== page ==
• Unsurprisingly, lead times are becoming shorter (VUCA, pandemic…). Depending on the pandemic situation, there is additional uncertainty as to the form in which an event can actually be held and in what form (real live, digital, hybrid). Conventional complex procedures for awarding contracts via lengthy pitch procedures and decision-making processes at multiple levels are no longer appropriate. Simplified awarding procedures and the inclusion of partners in the development of event concepts from the outset, e.g. via joint workshops between the client and the agency, could better focus the classic pitch process to target the objective more precisely.

Event portfolios and particularly trade show portfolios are redefined. Small (and precise) is beautiful: the number of events is reduced; target groups are specified more precisely; focused events are favored over broad-based mass events; event sizes are optimized; venues are scaled back, as the hybrid extension of events enables target group members to be reached digitally.

New skills and new partners. The search for partners also takes place outside the live communication sector: social media, influencer marketing, branded entertainment, gaming platforms, fashion and lifestyle platforms, virtual worlds. Google or Facebook might also be possible partners. This requires constant screening by both customers and agencies. Yhis search for new talent is especially acute since inspiration will be also sought outside the live communication industry (e.g., TV/film, music scene, digital episodes like those on Netflix).

Some key events are being redefined:

  • Trade shows change. Exhibitors believe the future is about hybrid trade shows. Physical live trade shows where the companies create a personal, emotional experience for visitors, but visitors who cannot be on site, can participate via complementary digital channels. “After the trade show is before the trade show”: customer contact can be maintained independently prior to the temporary trade show, and the trade show can be extended digitally throughout the year until the next live event.
  • … and are substituted by more precise and proprietary events. The strategy of inviting customers to in-house trade shows instead of exhibiting at a trade show where the quality of the visitors is difficult to assess, will be revived. Instead of visiting trade shows with little focus on the target group, companies are also considering new roadshows so that they can meet customers directly on site; the many opportunities offered by digital extension can thus be very usefully leveraged.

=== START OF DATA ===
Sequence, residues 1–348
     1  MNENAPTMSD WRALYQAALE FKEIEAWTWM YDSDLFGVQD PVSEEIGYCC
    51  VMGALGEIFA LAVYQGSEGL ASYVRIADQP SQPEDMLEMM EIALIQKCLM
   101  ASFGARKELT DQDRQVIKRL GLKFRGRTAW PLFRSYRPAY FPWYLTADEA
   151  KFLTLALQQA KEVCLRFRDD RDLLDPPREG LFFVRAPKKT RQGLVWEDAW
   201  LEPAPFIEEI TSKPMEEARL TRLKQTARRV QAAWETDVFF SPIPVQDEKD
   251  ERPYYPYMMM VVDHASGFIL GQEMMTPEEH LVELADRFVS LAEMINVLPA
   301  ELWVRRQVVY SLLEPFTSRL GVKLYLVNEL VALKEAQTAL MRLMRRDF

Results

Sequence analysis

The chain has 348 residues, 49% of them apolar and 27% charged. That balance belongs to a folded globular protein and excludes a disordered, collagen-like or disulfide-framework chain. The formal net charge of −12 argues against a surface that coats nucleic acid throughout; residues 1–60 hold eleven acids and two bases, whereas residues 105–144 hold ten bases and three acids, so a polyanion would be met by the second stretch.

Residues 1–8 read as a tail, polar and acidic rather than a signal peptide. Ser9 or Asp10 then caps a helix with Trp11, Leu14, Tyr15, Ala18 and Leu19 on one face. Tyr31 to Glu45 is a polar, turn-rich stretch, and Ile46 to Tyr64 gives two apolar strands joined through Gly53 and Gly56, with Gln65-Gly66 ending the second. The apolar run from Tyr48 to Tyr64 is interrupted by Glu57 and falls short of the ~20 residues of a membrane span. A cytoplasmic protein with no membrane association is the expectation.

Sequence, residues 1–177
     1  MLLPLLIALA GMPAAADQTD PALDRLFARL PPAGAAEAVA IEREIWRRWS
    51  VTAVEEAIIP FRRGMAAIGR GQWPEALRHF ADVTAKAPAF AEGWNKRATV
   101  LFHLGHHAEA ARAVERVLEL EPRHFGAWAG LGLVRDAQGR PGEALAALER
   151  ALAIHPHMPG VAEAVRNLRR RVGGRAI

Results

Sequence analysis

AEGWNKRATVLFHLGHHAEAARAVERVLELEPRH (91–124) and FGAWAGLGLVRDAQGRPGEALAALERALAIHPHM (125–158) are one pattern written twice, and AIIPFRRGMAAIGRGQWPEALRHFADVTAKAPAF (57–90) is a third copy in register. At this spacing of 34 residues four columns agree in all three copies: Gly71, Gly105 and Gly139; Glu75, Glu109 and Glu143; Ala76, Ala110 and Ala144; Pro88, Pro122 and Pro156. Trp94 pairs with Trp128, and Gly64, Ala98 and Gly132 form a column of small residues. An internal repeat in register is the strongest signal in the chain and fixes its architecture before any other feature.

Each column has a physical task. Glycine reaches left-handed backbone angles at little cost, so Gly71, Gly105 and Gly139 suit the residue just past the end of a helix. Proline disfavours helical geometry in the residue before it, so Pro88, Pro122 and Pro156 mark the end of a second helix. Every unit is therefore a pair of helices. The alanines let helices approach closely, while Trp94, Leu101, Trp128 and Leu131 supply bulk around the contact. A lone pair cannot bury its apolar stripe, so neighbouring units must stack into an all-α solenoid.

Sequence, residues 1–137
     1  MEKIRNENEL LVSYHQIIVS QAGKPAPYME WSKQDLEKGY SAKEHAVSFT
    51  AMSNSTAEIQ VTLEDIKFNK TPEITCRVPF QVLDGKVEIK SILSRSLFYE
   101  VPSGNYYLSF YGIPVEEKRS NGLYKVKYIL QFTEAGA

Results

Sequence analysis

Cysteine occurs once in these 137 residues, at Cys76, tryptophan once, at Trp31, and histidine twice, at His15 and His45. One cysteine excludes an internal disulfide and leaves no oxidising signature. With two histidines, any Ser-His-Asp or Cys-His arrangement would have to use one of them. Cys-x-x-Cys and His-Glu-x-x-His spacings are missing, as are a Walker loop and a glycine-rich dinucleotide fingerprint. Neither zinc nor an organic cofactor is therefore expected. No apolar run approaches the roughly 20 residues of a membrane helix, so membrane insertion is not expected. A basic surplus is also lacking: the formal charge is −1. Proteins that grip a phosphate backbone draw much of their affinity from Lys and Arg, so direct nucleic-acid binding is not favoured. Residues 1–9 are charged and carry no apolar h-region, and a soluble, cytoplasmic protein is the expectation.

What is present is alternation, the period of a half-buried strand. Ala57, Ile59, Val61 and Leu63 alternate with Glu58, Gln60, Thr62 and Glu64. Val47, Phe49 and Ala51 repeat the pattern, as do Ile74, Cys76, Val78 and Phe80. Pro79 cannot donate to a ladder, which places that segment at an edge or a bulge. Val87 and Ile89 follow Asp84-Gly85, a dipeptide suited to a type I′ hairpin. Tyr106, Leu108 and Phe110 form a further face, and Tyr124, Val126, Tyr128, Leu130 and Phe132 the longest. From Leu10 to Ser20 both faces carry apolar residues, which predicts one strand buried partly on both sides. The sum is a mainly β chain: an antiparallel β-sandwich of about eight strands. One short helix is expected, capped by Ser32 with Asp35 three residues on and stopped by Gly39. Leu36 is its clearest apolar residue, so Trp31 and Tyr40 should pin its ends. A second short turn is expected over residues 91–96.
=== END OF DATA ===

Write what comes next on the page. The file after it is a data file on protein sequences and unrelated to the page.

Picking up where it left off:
• The classic press conference is seen as an obsolete model that will “dissolve” into digital and hybrid formats which enable unlimited reach (of international media) and participation of company spokespersons from around the globe.
  • There is an immense demand for employee events after the pandemic, as most staff members were working from home for months, so that they are hungry for direct personal interaction.
  • The annual general meeting (AGM) format became a digital event during the pandemic. Due to the need for data security and technical perfection, digital AGMs are associated with relatively high production costs, but offer the options of handling questions with ease, adherence to a specified time frame, and enabling shareholders from abroad or those who can’t or don’t want to travel to participate. As the approval for digital shareholder meetings requires a change in the German Stock Corporation Act, the companies are exercising caution in planning for the next few years.

Agencies must become “media strategy consultants”:

  • They will be involved in the development of event concepts at an earlier stage than before the pandemic.
  • For the customer, they will act as strategic partners, which means that they will immerse themselves in the customer’s brand/marketing strategy and develop it further in an advisory capacity.
  • This partnership will be stabilized by longer-term framework/cooperation agreements.
  • They offer customization of communication solutions for the client.
  • They have to engage intensively with the customer’s target groups and offer target-group-specific concepts “‘One size fits all’ no longer works with differentiated target groups; formats must be tailored to diverse target groups.” (Stefanie Winter, Siemens AG).
  • Agencies must be able to work in flexible configurations for the customer, both as a full-service agency and as a sub-service provider.

Generally, agencies are as relevant as ever, with clients looking for experimental formats, fusion of formats and especially formats with interactive approaches for the participants such as co-creation, collaboration or gamification, linkage of the real and digital worlds.

This great study can be downloaded here.